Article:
Botswana has expressed concern over an influx of asylum seekers who fled from countries where they had already been granted refugee status. Nearly 700 refugees have arrived from neighboring Zimbabwe, citing poor conditions at the refugee camp, while others have come from South Africa, driven out by xenophobic attacks.
Addressing journalists Tuesday, Botswana’s minister of justice, Machana Shamukuni, said the country has seen the arrival of “onward movement” asylum seekers.
He said Botswana expressed its concern over the issue at a recent executive committee meeting of the U.N. refugee agency in Geneva, Switzerland.
“These are asylum seekers that have been granted international protection elsewhere, but they still come to Botswana to seek asylum again,” he said. “Once you are accorded international protection, the expectation, even in the international community is that you should stay there so that you are protected, you enjoy protection there, but when you proceed to another country and seek protection again when you are accorded protection in another jurisdiction, then it becomes problematic.”
The majority of the 688 recent arrivals, originally from the Democratic Republic of Congo, more recently lived at the Tongogara Refugee Camp in Zimbabwe.
Shamukuni said others are Somalis who left South Africa due to xenophobic attacks.
“On the challenges of onward movement, as to why they decide to leave camp in areas where they are given international protection and they come to Botswana to seek asylum again, it talks to conditions in some of the camps,” he said. “Issues of housing, education, issues of access to health. These are the reasons they state. But also you will recall, in South Africa, there was the issue of xenophobia. It drove out a lot of them, particularly the Somalis.”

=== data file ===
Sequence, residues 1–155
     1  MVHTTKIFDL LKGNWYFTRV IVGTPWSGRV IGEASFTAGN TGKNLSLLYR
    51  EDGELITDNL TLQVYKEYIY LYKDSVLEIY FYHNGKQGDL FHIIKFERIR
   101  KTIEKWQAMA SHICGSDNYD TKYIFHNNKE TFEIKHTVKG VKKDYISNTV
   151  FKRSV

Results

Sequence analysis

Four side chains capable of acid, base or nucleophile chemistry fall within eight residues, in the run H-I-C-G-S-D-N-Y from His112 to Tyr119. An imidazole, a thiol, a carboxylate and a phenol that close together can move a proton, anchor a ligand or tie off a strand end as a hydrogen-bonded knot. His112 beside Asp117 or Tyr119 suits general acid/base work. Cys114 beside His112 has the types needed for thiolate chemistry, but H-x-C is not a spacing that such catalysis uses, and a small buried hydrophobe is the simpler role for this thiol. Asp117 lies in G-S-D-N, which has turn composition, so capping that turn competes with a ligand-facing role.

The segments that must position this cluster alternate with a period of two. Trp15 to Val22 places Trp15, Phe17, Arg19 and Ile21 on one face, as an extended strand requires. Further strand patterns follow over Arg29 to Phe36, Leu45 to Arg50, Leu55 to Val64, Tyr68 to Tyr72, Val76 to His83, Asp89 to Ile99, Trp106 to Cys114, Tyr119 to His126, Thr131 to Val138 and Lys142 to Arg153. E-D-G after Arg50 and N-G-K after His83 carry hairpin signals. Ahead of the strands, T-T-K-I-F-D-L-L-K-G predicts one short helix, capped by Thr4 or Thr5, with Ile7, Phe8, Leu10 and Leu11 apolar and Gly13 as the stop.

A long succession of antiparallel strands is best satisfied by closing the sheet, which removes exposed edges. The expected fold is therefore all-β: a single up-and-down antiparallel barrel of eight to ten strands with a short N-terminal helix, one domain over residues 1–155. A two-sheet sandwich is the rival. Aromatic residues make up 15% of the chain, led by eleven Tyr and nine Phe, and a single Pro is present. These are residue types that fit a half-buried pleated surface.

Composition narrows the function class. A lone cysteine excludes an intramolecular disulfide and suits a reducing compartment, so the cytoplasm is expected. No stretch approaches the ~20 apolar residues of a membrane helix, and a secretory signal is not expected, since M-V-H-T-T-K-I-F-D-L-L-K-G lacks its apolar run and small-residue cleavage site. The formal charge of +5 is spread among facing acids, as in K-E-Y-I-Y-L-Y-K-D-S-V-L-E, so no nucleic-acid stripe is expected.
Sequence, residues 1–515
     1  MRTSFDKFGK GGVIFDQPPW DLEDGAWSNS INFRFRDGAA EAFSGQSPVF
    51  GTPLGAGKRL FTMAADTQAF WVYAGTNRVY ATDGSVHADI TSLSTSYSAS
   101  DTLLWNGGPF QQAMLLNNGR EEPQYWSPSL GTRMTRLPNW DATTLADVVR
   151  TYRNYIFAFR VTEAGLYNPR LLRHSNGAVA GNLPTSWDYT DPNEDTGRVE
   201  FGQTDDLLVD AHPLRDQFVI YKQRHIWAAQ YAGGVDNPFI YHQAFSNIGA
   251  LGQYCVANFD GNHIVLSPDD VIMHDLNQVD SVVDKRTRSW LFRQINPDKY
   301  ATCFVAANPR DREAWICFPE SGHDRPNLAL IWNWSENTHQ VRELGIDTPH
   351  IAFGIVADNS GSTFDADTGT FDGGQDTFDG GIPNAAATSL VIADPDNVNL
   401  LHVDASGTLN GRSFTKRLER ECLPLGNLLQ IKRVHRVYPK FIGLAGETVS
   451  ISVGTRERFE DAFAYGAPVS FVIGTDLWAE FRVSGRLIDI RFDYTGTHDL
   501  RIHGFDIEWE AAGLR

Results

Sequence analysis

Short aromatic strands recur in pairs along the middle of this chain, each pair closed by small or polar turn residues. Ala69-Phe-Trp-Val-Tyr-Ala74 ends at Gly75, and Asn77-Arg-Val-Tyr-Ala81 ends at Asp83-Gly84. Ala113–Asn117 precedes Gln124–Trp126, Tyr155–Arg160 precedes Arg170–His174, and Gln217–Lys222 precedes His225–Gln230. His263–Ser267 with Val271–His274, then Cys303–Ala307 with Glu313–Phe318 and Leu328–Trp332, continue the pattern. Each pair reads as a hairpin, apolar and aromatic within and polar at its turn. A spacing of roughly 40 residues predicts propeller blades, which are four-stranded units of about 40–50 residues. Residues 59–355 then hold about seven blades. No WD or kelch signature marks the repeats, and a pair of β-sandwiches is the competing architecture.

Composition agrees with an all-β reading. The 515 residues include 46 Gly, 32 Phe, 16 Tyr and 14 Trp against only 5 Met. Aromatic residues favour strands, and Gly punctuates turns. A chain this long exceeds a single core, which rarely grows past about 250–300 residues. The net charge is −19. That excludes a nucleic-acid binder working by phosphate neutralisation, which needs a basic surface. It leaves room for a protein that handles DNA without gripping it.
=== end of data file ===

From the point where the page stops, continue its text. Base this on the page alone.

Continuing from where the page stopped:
Adriano Nuvunga, director of the Center for Democracy and Development in Maputo, Mozambique, said Botswana’s peace and stability are magnets for fleeing refugees.
“Botswana is one of those victims due to its political stability and some possibilities for people to find opportunities and survival and also the welcoming nature of the Botswana people,” he said. “These nations will continue to suffer an influx of refugees because of failed governance systems in our region which triggers conflicts and conflict triggers people to seek refugee [status]. It’s a vicious cycle of bad governance.”
Zimbabwean-born Watson Chibi, who has spent nearly two decades as a refugee in Botswana, said asylum seekers are lured to the country due to prospects of a better life.
“Pertaining [to] the issue of refugees from Somalia and DRC coming to Botswana, it’s an issue that when I was a refugee, it was worrisome,” he said. “In Botswana, when you are from Somalia or DRC, resettlement is very easy. People go for resettlement from those two countries.”
Due to its isolated location, Botswana’s refugee population has never been high, and is now down to 1,019 from more than 3,000 three years ago, as the U.N. refugee agency scales down operations.
The majority of refugees, mostly from Namibia and Zimbabwe, were repatriated over the last two years.